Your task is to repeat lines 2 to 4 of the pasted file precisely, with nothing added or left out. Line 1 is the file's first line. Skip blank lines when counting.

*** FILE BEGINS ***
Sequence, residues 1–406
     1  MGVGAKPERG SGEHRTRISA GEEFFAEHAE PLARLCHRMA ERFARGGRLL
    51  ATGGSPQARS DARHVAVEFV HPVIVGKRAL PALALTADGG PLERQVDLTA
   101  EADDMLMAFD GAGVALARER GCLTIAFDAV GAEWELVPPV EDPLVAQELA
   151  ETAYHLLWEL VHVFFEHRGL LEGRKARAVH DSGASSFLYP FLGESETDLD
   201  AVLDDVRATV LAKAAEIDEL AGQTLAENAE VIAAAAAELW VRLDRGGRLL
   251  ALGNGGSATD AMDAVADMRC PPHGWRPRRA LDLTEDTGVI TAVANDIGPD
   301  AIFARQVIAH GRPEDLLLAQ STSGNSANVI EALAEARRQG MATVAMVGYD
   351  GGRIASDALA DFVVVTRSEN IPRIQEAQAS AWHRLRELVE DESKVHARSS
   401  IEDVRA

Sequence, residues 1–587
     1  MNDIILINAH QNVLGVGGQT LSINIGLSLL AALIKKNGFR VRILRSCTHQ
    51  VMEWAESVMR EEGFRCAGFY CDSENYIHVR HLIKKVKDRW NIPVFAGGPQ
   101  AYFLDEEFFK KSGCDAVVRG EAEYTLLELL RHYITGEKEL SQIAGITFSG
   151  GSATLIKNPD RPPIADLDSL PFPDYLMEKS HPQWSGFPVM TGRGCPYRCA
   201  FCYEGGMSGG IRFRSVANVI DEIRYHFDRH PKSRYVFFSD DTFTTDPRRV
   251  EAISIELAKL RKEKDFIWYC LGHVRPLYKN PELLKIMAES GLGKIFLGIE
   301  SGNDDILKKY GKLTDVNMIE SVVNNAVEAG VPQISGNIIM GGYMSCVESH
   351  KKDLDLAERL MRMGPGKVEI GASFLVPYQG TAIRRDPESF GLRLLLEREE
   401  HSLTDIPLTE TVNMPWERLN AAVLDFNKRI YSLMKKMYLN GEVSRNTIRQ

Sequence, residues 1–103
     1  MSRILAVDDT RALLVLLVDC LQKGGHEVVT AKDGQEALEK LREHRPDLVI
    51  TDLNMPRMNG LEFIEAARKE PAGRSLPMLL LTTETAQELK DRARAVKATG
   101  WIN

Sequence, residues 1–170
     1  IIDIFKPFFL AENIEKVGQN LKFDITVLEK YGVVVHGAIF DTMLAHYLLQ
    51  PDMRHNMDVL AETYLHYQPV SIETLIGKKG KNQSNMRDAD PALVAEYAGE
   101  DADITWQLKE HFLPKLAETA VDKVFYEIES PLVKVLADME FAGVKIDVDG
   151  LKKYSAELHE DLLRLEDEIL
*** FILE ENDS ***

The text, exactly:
     1  MGVGAKPERG SGEHRTRISA GEEFFAEHAE PLARLCHRMA ERFARGGRLL
    51  ATGGSPQARS DARHVAVEFV HPVIVGKRAL PALALTADGG PLERQVDLTA
   101  EADDMLMAFD GAGVALARER GCLTIAFDAV GAEWELVPPV EDPLVAQELA